Teens Tag North Carolina Stores' "Alcopop" With Red Warning Stickers

It is admirable that some Asheville, North Carolina-area teens want to stay on the straight-and-narrow, choosing not to poison their already confused adolescent brains with alcohol. Good on them. They're concerned, though, that retail stores aren't cracking down as hard as they could on underage kids trying to buy alcohol. So this past weekend, WLOS-13 reports some teens, together with the Partnership For Substance-Free Youth In Buncombe County, visited several local stores where they placed red warning stickers on alcoholic beverages like Mike's Hard Lemonade and Redd's Apple Ale that might not immediately resemble alcohol.

This wasn't a rogue band of straight-edge kids; the event was sanctioned by the county sheriff's office which stated that Project AlcoPop Sticker Shock is intended "remind adults to check IDs, not sell alcohol to minors and not purchase alcohol for minors, and provide a way for youth to remind adults they are key to helping prevent underage drinking." The stickers appear to be the same as those used by various other organizations in underage-drinking-awareness campaigns. Photos posted by Partnership For Substance Free Youth show the teens placing stickers on "alcopop" items like Natty Rush, a fruit-flavored alcoholic beverage whose cans resemble energy drinks or sodas.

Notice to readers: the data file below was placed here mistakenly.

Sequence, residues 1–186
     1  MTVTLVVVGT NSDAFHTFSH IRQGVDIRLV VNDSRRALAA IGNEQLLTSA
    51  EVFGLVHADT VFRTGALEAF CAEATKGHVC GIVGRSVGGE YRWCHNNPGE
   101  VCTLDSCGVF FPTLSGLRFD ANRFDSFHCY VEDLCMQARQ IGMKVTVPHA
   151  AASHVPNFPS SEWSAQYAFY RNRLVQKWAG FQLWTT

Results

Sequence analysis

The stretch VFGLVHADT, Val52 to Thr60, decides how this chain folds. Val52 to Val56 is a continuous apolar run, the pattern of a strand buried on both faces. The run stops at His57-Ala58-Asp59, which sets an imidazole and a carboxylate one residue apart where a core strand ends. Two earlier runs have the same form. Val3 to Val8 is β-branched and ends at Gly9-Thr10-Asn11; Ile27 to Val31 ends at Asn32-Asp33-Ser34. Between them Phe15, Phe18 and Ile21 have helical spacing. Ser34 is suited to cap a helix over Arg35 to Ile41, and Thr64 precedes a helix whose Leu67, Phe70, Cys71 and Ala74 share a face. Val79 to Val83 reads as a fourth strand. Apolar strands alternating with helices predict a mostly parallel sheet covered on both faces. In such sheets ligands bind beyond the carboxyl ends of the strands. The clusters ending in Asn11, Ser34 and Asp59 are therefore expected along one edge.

The term "alcopop" generally refers to a category the booze industry calls flavored malt beverages, or FMBs. FMBs—hard root beer, wine coolers, hard iced tea, etc.—are considered separate from beer because they derive a substantial portion of their alcohol content from additives. And because of their low price and fruity flavors, public health officials worry these beverages are especially appealing to underage drinkers.

While this seems like an isolated event, I'd imagine that alcohol companies wouldn't be especially stoked about having red warning labels slapped on their products. All alcoholic beverages have since 1988 been required by law to carry a Surgeon General's warning, so the labels on FMBs and "alcopop" are already in compliance. But I imagine it puts the alcohol makers in an odd predicament; come out too strongly against what these wholesome kids are doing, and it would look like they're deliberately marketing these booze-juices to underage teens.

As such, this one-off awareness event isn't likely to draw any comment from alcohol makers. But if it turns into a statewide or national movement, the companies might step in to politely request these kids save their stickers for their Trapper Keepers.